There are so many different species of timber (lumber) that it may seem challenging to decide where to start when selecting. Your choice will depend on several factors, including cost and availability. It is well worth tracking down one or more suppliers who understand the needs of woodworkers and striking up a good working relationship with them. Here’s how to select and store lumber.
How to Select wood
Many stockists are set up to provide for the construction trade and do not take politely to requests for small batches of less common types. On the other hand, sometimes bargains are to be had from such companies when they are left with short lengths of wood (sometimes sold as shorts or short ends) that are less useful to the trade. Also, consider that boards with constructional defects, areas of sapwood, or wild, knotty grain can be used to good decorative effect if selected carefully. Here is a selection checklist.
Some lumber is noted for being quickly worked, with a low cutting resistance and blunting effect on tools. They tend to be quite bland in appearance but are ideal for making solid frameworks where accurate jointing and stability are essential. Straight grain gives good glued joints and resistance to splitting when nailed or screwed. This lumber can be obtained at a relatively low cost.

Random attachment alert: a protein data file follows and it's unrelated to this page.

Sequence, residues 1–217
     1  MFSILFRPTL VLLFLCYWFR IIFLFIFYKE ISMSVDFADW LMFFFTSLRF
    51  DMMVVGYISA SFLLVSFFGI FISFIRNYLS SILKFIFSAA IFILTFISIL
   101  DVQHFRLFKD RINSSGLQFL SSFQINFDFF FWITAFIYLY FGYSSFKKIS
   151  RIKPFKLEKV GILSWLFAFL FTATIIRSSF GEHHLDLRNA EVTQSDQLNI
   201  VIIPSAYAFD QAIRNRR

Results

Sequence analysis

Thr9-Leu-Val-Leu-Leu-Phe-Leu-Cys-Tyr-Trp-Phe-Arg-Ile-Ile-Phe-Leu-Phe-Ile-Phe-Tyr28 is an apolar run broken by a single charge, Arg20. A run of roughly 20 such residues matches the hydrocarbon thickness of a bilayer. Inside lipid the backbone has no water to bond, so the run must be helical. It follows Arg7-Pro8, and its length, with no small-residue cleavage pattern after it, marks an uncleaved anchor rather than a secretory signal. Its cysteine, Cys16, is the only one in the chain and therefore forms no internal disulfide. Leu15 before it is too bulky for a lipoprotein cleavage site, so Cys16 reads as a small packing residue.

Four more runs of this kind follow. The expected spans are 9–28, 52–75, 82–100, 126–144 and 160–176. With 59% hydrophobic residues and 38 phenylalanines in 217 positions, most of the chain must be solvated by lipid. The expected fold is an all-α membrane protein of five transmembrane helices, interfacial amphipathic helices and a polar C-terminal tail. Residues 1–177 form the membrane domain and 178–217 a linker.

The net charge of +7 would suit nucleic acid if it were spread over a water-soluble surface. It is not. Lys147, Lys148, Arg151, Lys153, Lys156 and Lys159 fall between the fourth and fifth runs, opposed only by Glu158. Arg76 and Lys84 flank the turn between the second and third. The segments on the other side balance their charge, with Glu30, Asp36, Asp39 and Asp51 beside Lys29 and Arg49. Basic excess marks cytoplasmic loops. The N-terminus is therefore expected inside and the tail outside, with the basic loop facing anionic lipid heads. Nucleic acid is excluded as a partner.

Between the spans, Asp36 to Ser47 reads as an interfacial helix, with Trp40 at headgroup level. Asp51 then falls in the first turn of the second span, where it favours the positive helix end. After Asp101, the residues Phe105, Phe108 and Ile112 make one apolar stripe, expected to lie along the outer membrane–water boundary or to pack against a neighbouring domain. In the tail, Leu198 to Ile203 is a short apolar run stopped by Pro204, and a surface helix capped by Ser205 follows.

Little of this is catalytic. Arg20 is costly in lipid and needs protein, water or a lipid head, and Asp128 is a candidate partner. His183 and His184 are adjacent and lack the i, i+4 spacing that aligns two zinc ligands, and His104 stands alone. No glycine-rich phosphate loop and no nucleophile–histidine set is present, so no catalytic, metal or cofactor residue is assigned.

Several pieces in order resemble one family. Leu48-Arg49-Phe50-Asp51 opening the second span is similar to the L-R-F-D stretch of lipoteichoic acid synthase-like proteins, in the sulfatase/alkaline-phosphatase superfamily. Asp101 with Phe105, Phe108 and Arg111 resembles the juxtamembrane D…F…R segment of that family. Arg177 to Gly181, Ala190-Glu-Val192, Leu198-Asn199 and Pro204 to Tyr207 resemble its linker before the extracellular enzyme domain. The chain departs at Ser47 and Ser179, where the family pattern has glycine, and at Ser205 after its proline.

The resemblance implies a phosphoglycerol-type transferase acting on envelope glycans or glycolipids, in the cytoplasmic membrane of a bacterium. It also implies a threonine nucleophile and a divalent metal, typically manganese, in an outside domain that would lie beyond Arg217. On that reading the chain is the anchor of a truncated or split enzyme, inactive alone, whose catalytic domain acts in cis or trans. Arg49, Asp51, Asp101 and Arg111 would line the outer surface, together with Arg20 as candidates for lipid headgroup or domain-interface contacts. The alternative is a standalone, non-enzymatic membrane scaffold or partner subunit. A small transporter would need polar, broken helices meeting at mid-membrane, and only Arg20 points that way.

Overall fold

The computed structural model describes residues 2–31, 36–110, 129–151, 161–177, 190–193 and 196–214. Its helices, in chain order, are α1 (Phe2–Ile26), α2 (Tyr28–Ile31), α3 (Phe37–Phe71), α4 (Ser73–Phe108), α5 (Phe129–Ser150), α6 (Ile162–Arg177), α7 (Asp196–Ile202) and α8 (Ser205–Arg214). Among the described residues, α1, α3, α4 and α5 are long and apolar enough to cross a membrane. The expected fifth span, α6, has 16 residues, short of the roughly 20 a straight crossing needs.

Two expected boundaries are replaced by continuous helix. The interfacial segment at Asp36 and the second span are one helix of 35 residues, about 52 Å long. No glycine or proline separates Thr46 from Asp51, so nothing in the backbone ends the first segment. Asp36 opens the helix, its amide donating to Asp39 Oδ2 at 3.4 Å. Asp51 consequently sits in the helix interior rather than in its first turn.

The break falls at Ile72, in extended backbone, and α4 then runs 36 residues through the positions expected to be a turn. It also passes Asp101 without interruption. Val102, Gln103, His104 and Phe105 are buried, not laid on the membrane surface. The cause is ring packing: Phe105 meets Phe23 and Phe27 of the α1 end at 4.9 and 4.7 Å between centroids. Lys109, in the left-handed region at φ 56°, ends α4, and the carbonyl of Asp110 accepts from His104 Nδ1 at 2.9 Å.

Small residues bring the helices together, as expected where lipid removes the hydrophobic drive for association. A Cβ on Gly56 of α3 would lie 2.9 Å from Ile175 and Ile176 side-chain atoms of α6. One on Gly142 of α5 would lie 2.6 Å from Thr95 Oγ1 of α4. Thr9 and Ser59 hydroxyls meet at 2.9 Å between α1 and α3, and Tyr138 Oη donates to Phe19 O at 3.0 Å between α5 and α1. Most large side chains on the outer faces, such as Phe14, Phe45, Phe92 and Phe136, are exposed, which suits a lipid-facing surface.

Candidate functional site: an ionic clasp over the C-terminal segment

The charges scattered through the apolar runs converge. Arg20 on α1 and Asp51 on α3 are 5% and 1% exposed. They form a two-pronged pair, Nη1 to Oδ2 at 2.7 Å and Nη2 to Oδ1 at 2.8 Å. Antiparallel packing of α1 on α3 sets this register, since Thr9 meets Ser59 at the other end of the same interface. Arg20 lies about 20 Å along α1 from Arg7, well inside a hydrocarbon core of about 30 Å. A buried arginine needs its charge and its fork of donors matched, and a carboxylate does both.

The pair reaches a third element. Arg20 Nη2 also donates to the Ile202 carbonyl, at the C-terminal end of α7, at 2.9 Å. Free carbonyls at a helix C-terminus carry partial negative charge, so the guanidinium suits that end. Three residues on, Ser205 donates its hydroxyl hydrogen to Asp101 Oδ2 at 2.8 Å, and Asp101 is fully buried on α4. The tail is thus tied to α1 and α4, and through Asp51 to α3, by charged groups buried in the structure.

Not all species of wood will take a good finish – if the grain is very coarse, the surface can “pick up,” requiring a lengthy process of filling the grain and rubbing it down to produce a good result. Some wood types, such as teak, have a natural oi ly content that inhibits the bonding of the finish. Over the years, some woods have become highly prized for their lustrous qualities and ability to take a high polish. Naturally, they tend to be more expensive and hard to obtain.
Although certain wood species are specified for many projects on this website, the information should be used as a guide. Quite often, the first stage in deciding what to make is to consider what timber is available and how its potential can be fully realized, rather than sticking to fixed ideas. Rarely a substitute wood cannot be found that possesses the desired properties.
Lumber should be selected for durability if it will be exposed to moisture outdoors and in areas of high moisture or condensation, such as kitchens and bathrooms. Sapwood is not durable and is prone to staining in most lumber, but even the heartwood of some trees is vulnerable. Hardwoods, and softwoods such as cedar and yew, are highly resistant to rot from moisture because of their oily nature.
The density of wood (expressed as kilograms per cubic meter or pounds per cubic foot) is not only a measure of its relative weight but is also linked to its strength and durability. Where these are important, your choice of species should reflect this. Bear in mind that most figures quoted are based on averages at a fixed moisture content, and the density of a single piece of wood can vary depending on its origin and growth conditions.
How to store wood